In the ideal perennial garden, something of interest is occurring most of the time but there can be occasional periods with little flower color. Although we have learned to bridge these lapses with colorful foliage, there is another way to color the garden, namely, using annuals.
One of my favorites is Nicotiana (Flowering Tobacco). Nicotiana alata is the species most often grown by the greenhouses. It is available in single colors of pink, rose, lime, and white as well as in a mix. The lime is the hardest to find but the one I use the most because it brightens everything else without competing. These plants grow about twelve inches high and have large tubular flowers that seem to bloom nonstop. They are usually I bloom when purchased.
There are some other species of Nicotiana that I use in my containers and garden. The flowers of N.x sanderae are usually a mix of shades of pink and purple but my favorite is ‘Perfume Deep Purple’. All of them grow about twenty inches high but only twelve inches wide. The mix has seeded in my garden but, sadly, ‘Perfume Deep Purple’ has not.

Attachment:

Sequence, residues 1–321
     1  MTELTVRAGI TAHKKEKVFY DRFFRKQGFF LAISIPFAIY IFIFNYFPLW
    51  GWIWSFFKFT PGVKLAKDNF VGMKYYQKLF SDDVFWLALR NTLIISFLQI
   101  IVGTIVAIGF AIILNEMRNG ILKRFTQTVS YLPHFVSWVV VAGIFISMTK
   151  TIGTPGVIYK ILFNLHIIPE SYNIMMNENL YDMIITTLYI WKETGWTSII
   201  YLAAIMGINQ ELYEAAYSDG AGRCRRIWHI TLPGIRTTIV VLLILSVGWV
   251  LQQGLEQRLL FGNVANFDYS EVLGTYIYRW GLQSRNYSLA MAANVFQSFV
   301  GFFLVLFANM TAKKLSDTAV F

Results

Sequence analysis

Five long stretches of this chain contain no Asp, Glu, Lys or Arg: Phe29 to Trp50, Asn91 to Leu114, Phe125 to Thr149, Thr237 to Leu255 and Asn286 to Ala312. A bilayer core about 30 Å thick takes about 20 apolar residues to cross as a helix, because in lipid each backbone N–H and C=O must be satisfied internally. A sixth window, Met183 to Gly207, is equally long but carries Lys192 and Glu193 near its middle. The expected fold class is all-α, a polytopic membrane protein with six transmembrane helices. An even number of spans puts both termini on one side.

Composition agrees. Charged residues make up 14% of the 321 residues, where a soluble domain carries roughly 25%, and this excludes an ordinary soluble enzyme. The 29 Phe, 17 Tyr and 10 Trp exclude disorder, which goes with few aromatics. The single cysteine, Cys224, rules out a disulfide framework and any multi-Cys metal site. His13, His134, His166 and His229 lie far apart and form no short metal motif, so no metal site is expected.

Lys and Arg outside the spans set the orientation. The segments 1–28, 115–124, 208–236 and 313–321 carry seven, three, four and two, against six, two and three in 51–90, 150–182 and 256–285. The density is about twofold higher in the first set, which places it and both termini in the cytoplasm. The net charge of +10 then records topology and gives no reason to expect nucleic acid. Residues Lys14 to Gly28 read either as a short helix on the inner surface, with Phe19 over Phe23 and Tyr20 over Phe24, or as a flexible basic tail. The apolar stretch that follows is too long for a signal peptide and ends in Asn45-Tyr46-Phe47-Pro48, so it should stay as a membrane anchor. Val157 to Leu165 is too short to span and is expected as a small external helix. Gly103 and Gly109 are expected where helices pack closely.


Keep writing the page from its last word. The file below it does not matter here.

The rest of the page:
N.sylvestris is a bold plant, growing five feet high with huge basal leaves but the flowers themselves are spindly, drooping clusters of white tubes (looks much better than the description) held well above the foliage. They make a great backdrop for shorter ornamental grasses like Molinia caerulea (Purple Moor Grass). Happily, this Nicotiana seeds so once established, you will always have it even after a harsh winter like the one just past.
N.langsdorfii has very short, compact lime tubes that are clustered on three to four foot stalks. It is difficult to find as a plant but supposedly also self-seeds prolifically. Since these last two species usually arise from seedlings, they do not flower until mid-summer.
All Nicotiana can be grown in full sun to part shade in barely moist soil although they are amazingly drought tolerant.
Are any of these Nicotiana in your garden?